Author: Facing History and Ourselves
Publisher: Facing History and Ourselves
Release Date: 2008
Genre: Children of immigrants
This resource book reflects the way that migration affects personal identity and offers educators and students the resources to examine this migration through methods of storytelling. It reveals experiences of immigrants from the individual to the collective through memoirs, journalistic accounts, and interviews. These experiences reflect a recent and global phenomenon where identity and citizenship are challenged by the greater blurring of national boundaries. By exploring the stories of young migrants and their changing communities, "Stories" takes into consideration the fluidity of identity. A glossary is included. Individual sections contain footnotes.
Author: Steven E. Aschheim
Publisher: Walter de Gruyter GmbH & Co KG
Release Date: 2018-09-24
Genre: Social Science
This book consists of a range of essays covering the complex crises, tensions and dilemmas but also the positive potential in the meeting of Jews with Western culture. In numerous contexts and through the work of fascinating individuals and thinkers, the work examines some of the consequences of political, cultural and personal rupture, as well as the manifold ways in which various Jewish intellectuals, politicians (and occasionally spies!) sought to respond to these ruptures and carve out new, sometimes profound, sometimes fanciful, options of thought and action. It also delves critically into the attacks on liberal and Enlightenment humanism. In almost all the essays the fragility of things is palpably present and the book touches on some of the ironies, problematics and functions of responses to that condition. The work mirrors the author's ongoing fascination with the always fraught, fragile and creatively fecund confrontation of Jews (and others) with European modernity, its history, politics, culture and self-definition. In a time of increasing anxiety and feelings of fragility, this work may be helpful in understanding how people at an earlier (and sometimes contemporary) period sought to come to terms with a similar predicament.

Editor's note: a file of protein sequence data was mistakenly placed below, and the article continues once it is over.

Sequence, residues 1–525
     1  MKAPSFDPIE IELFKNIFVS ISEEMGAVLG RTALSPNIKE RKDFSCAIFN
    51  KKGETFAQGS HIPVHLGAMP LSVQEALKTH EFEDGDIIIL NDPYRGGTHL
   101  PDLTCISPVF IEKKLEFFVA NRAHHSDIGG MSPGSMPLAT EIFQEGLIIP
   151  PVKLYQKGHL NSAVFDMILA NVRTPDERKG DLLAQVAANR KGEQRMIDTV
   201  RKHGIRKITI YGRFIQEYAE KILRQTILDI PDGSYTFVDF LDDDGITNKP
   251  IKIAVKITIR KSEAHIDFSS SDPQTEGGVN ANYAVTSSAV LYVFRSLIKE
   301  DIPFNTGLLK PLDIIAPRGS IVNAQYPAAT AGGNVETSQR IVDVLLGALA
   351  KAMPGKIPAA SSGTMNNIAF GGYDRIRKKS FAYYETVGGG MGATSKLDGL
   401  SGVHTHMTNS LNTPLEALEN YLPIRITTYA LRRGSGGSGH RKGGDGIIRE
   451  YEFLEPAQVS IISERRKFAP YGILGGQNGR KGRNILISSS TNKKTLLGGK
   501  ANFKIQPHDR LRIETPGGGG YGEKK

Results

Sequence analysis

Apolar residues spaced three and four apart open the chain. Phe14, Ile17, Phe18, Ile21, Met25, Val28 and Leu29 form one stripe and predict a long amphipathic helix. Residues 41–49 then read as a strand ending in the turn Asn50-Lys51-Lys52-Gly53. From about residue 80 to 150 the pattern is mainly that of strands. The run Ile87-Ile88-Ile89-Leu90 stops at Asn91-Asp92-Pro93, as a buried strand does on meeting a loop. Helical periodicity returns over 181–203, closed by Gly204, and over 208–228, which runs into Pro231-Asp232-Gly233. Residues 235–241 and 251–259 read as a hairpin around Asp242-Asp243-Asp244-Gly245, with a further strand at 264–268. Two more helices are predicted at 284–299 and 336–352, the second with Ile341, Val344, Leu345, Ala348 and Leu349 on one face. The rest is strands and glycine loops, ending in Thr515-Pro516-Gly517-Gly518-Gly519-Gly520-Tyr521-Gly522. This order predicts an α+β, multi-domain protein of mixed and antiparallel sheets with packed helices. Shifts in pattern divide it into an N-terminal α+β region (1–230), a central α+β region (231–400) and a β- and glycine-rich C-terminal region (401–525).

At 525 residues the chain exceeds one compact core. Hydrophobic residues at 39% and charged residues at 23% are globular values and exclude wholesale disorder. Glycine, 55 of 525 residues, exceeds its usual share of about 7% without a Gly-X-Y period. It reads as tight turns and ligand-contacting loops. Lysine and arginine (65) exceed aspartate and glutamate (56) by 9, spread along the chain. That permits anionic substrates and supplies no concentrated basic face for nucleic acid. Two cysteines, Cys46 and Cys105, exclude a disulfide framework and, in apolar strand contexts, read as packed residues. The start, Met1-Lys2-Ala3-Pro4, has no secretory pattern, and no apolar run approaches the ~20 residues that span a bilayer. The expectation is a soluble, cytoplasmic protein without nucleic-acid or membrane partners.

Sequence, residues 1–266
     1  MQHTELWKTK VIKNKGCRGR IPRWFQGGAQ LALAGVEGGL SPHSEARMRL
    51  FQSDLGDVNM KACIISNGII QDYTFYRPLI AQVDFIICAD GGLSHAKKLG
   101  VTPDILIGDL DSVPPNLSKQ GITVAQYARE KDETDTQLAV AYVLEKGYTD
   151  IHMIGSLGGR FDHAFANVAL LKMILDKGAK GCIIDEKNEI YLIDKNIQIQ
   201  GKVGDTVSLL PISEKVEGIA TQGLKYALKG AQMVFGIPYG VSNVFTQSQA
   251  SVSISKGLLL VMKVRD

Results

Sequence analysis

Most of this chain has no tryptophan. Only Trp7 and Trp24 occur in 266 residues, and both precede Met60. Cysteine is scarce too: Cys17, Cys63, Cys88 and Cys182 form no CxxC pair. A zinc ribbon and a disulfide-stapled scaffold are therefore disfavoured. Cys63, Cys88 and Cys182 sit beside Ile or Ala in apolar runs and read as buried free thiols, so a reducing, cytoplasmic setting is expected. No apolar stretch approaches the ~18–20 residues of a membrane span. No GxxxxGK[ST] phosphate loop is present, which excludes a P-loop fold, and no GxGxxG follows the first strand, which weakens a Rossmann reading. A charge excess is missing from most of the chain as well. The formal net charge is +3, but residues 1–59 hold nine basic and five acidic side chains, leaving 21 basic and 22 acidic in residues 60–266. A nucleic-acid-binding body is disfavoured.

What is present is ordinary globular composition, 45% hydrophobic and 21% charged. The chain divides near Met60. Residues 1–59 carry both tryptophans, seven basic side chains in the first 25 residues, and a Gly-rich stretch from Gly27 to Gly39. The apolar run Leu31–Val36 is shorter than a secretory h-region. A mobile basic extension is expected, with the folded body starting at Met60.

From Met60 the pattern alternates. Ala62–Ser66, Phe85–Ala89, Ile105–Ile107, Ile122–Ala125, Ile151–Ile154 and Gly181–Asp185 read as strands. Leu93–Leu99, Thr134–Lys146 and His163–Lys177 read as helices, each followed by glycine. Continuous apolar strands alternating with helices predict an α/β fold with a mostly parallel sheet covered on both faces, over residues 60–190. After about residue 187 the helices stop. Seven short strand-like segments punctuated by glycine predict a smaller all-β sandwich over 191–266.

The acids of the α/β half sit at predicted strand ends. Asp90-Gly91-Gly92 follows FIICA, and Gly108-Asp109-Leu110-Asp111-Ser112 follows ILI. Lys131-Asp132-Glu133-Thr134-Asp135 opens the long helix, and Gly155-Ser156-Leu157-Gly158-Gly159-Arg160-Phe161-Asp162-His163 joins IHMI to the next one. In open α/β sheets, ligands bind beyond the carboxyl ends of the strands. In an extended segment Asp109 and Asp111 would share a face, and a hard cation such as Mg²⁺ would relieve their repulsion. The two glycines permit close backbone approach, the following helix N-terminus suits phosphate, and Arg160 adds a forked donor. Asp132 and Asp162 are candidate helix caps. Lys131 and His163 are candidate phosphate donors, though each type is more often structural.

Author: Klaus Stierstorfer
Publisher: Walter de Gruyter
Release Date: 2003-01-01
Genre: Literary Criticism
After the veritable hype concerning postmodernism in the 1980s and early 1990s, when questions about when it began, what it means and which texts it comprises were apt to trigger heated discussions, the excitement has notably cooled down at the turn of the century. Voices are now beginning to be heard which seem to suggest a new episteme in the making which points beyond postmodernism, while it remains at the same time very uncertain whether what appears as newness is not rather a return to traditional concepts, theoretical premises, and authorial practices. Contributors to this volume propose to explore new openings and recent developments in anglophone literatures and cultural theories which engage with issues seen to be central in the construction of a postmodern paradigm, but deal with them in ways that promise new openings or a new Zeitgeist.